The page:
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Identification of three proteins involved in fertilization and parthenogenetic development of a brown alga, Scytosiphon lomentaria
- Han, Jong Won, Klochkova, Tatyana A., Shim, Junbo, Nagasato, Chikako, Motomura, Taizo, Kim, Gwang Hoon
- Planta 2014 v.240 no.6 pp. 1253-1267
- Phaeophycophyta, biochemical pathways, chloroplasts, cytoplasmic inheritance, gamma-aminobutyric acid, gene expression, gene expression regulation, genes, germ cells, hydrogen peroxide, mass spectrometry, mitochondria, parthenogenesis, proteins, proteomics, succinic acid, zygote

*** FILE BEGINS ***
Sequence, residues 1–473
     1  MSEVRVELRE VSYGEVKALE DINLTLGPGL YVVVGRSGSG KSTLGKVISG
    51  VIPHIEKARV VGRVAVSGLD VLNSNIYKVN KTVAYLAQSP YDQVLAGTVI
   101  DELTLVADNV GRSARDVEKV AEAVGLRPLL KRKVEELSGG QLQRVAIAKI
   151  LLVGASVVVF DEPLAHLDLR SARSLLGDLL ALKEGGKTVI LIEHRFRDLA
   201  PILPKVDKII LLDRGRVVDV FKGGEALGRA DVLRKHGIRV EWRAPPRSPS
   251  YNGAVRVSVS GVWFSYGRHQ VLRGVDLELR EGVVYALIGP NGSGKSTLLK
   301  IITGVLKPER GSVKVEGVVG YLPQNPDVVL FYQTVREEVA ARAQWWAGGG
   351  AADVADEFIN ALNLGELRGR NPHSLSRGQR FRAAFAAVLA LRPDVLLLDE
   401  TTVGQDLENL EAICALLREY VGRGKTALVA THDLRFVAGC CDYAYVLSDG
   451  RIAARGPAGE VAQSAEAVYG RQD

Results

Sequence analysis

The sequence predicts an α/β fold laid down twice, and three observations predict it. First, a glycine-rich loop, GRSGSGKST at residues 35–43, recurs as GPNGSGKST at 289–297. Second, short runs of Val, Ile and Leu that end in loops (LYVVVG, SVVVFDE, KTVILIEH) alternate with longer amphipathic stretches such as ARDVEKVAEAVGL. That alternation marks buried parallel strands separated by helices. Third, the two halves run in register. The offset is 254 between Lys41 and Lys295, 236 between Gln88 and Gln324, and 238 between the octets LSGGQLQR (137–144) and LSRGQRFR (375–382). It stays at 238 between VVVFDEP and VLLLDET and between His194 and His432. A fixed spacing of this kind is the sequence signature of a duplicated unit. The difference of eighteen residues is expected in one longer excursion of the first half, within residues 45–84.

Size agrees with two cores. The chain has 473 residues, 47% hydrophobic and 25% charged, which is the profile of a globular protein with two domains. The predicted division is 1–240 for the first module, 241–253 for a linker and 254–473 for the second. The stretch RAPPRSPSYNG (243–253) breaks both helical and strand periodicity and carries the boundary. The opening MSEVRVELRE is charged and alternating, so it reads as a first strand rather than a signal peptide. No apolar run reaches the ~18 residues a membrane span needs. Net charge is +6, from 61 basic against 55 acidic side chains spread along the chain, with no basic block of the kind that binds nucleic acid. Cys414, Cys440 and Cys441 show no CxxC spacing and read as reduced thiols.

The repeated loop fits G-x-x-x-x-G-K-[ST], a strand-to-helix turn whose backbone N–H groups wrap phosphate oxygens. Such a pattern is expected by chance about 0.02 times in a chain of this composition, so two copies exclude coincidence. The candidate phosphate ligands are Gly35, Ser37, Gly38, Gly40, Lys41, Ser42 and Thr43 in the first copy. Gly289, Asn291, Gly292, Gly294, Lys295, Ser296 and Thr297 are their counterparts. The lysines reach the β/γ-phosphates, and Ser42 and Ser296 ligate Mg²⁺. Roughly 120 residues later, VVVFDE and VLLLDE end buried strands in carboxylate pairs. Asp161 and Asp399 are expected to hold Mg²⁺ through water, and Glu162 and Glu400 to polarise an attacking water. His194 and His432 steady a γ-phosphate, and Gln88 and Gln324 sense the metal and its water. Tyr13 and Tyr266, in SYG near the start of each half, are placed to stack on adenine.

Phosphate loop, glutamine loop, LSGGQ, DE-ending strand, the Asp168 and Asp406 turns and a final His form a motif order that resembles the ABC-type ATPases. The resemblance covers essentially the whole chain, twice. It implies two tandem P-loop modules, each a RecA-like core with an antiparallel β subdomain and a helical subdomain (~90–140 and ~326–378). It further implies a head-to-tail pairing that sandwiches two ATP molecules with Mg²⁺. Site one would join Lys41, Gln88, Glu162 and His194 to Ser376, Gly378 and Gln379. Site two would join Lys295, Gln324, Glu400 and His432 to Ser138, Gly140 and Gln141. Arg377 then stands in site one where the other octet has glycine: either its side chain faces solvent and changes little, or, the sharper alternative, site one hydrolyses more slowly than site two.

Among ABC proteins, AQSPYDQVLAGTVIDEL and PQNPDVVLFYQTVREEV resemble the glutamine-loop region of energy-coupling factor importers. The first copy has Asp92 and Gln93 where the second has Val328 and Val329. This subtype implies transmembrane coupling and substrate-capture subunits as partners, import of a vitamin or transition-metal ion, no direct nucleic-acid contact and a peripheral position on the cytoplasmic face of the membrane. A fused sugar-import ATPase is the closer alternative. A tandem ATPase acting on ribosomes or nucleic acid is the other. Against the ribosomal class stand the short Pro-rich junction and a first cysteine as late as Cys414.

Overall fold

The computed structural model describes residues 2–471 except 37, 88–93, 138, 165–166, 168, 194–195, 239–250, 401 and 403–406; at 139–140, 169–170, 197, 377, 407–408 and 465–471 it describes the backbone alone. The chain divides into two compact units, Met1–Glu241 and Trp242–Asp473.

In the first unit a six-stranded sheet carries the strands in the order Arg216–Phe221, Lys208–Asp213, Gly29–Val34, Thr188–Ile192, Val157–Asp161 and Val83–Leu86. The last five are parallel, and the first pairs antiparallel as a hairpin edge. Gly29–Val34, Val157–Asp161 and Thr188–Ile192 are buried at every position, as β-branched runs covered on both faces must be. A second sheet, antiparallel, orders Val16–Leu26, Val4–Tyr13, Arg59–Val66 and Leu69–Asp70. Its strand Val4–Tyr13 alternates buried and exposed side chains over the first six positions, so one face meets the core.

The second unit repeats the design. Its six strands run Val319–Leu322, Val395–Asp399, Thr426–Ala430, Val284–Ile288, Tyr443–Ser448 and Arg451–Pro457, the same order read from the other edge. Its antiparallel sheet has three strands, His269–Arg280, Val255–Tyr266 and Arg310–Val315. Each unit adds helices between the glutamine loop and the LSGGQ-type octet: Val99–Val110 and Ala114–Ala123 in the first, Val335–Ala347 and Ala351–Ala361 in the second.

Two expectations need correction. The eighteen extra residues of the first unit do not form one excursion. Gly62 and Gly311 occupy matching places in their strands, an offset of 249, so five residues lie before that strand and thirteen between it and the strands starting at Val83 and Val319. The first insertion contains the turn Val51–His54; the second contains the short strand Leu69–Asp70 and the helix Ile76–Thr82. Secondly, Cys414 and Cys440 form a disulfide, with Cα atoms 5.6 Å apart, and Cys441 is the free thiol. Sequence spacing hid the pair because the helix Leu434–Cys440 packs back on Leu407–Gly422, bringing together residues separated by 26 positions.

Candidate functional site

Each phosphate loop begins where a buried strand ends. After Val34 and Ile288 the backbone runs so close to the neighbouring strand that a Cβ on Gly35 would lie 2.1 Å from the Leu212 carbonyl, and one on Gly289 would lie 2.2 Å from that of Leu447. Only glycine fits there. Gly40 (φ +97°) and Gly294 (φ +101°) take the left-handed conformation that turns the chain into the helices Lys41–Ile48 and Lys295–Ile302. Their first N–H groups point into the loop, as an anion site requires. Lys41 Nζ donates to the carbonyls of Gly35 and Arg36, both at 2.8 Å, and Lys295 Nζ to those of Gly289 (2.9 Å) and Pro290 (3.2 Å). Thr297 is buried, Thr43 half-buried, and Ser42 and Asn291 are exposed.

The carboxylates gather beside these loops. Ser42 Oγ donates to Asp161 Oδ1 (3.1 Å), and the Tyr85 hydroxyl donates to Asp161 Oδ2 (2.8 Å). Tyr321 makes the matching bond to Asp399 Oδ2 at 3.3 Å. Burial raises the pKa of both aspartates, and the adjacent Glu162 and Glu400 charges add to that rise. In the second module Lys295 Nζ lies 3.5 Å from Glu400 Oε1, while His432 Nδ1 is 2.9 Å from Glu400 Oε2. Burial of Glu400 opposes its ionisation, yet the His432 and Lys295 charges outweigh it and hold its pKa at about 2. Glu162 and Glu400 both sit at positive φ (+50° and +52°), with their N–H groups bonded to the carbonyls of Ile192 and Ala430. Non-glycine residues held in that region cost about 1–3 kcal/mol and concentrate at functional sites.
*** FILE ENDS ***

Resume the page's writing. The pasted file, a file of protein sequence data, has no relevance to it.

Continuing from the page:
- Metabolic pathways of cell organelles may influence the expression of nuclear genes involved in fertilization and subsequent zygote development through a retrograde regulation. In Scytosiphon lomentaria, inheritance of chloroplast is biparental but mitochondria are maternally inherited. Male and female gametes underwent different parthenogenetic outcomes. Most (>99 %) male gametes did not differentiate rhizoid cells or survived beyond four-cell stage, while over 95 % of female gametes grew into mature asexual plants. Proteomic analysis showed that the protein contents of male and female gametes differed by approximately 1.7 %, 12 sex-specific proteins out of 700 detected proteins. Three sex-specific proteins were isolated and identified using CAF-MALDI mass spectrometry and RACE-PCR. Among them, a male gamete-specific homoaconitate hydratase (HACN) and a female gamete-specific succinate semialdehyde dehydrogenase (SSADH) were predicted to be the genes involved in mitochondrial metabolic pathways. The expression level of both mitochondrial genes was dramatically changed at the fertilization event. During parthenogenetic development the male-specific HACN and GTP-binding protein were gradually down-regulated but SSADH stayed up-regulated up to 48 h. To observe the effect of chemicals on the expression of these genes, male and female gametes were treated with γ-aminobutyric acid (GABA), hydrogen peroxide and L-ascorbic acid. Among them GABA treatment significantly reduced SSADH gene expression in female gamete but the same treatment induced high upregulation of the gene in male gamete. GABA treatment affected the behavior of gametes and their parthenogenetic development. Both gametes showed prolonged motile stage, retarded settlement and subsequent parthenogenetic development. Our results suggest that male and female gametes regulate mitochondrial metabolic pathways differentially during fertilization, which may be the reason for their physiological and behavioral differences.